A televised speech by Iranian president Ebrahim Raisi on state TV this weekend was interrupted by hacktivists. The Edelat-e Ali group hijacked the broadcast to call for the downfall of the government and to urge people to take part in nationwide protests. It is the latest hacktivist intervention in the civil unrest which has gripped Iran in recent months.
Edelat-e Ali struck during President Raisi’s Revolution Day speech on Saturday. The event marks the anniversary of the Islamic revolution in Iran in 1979, and is marked with state-organised parades and speeches and, this year, an amnesty of a large number of political prisoners, including jailed dissident Farhad Meysami, who had been in jail since 2018, as well as Iranian-French academic Fariba Adelkhah.
Iranian state TV hacked by Edelat-e Ali hacking gang
President Raisi used the speech to call on what he described as the country’s “deceived youth” to repent and be pardoned by their supreme leader, referring to protests that sprung up all over the country following the death of Mahsa Amini, who died while in police custody. According to Reuters, 528 protesters have died in the unrest, including 71 minors, while 19,763 protesters are believed to have been arrested.
The speech, however, was interrupted by a hacktivism broadcast calling for the death of Ali Hosseini Khamenei, the current supreme leader of Iran. The gang also calls for a nationwide protest against Iranian banks, asking citizens to withdraw all of their money in defiance of the regime.
The gang claimed responsibility for the hack on its Telegram channel, saying: “We the Edalat-e Ali group hacked the Islamic Republic of Iran’s TV and radio transmission,” the hackers wrote. “First of all, the Edalat-e Ali group offers its condolences to the entire freedom-loving nation on the decade of dawn and the impure arrival of Khomeini the executioner to Iran.”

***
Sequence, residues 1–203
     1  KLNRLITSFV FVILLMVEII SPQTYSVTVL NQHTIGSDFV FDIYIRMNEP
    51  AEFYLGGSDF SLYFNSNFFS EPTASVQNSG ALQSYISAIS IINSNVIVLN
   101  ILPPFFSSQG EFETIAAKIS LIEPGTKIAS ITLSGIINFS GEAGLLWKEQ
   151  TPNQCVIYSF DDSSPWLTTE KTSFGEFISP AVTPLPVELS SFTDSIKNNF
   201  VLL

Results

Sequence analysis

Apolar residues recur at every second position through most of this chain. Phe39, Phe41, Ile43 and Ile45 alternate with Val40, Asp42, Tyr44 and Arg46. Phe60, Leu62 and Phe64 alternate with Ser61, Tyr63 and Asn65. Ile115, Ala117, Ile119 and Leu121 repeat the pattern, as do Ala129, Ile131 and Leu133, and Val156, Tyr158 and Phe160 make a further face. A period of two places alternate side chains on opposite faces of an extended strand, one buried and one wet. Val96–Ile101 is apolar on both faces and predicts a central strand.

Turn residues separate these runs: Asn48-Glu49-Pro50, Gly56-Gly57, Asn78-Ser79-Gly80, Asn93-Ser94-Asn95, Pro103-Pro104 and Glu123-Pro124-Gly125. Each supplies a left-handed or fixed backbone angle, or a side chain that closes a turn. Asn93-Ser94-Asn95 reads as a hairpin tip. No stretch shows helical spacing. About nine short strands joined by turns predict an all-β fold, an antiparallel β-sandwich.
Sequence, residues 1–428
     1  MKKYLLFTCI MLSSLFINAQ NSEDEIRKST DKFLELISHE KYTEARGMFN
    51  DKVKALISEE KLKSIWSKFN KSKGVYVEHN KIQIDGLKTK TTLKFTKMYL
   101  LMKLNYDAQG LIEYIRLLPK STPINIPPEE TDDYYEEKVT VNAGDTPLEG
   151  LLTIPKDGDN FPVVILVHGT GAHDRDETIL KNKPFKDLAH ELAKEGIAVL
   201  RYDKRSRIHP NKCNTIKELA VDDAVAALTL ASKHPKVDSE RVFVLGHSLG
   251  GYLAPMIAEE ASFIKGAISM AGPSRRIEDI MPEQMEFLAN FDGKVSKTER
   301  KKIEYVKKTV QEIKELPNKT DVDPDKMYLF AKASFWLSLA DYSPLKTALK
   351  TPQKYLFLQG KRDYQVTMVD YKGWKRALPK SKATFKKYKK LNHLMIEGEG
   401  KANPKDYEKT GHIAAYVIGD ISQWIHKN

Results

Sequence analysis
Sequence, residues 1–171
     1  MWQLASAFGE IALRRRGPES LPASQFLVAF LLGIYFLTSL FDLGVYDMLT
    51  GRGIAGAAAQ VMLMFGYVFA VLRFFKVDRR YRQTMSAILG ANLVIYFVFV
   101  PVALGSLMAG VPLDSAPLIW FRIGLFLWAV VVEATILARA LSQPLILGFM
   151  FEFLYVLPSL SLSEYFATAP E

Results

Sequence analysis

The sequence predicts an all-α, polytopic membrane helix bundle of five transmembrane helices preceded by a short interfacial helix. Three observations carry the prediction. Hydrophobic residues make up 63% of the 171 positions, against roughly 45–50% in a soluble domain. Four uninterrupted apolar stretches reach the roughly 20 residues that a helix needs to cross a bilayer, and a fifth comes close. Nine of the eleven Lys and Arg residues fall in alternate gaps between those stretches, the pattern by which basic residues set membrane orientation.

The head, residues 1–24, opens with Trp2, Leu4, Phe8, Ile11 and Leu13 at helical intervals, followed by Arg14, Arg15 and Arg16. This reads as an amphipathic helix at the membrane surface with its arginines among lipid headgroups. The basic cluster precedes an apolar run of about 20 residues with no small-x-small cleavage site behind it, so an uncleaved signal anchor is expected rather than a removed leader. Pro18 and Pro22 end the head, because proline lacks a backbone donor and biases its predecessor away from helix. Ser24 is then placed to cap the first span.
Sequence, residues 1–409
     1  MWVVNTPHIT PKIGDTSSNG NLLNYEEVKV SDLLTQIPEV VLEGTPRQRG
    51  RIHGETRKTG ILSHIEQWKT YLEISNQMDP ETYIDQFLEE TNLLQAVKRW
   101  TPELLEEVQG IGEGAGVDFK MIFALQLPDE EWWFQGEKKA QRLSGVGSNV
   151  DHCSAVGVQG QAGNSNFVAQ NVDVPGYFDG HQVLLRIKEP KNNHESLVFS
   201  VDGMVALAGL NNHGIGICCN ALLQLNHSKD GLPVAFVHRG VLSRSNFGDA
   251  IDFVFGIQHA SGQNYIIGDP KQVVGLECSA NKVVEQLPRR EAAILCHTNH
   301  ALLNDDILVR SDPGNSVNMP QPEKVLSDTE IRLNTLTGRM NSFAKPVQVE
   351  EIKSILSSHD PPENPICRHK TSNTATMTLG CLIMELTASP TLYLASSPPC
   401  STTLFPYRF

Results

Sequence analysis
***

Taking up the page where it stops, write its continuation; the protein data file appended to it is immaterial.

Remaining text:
Hacktivism has become a feature of the protests in Iran
The gang is known for politically motivated cyber protests in Iran. It is responsible for leaking internal documents showing that two Iranian security officers were being investigated for the alleged rape of two young women after they were detained during the protests last year.
The hacking group also sent files from CCTV footage showing the mistreatment of inmates from inside an Iranian prison, as well as files and classified prison documents, to the Iranian news site Iran International. The documents received by Iran International include a list of hundreds of prisoners who were arrested during previous protests, held in November 2019, and their charges.
The overall social action in Iran has triggered numerous cyber protests. The Iranian arm of the online hacking group Anonymous, called OpIran, hacked into a database of Iran’s parliament and its supreme audit court, releasing phone numbers and other data of Iranian lawmakers.
An offshore petrochemical plant was also allegedly hacked during the protests. An anonymous member tweeted that 971MB of data had been stolen. The websites of the Central Bank of Iran, Meli bank and Sepah bank were also taken down.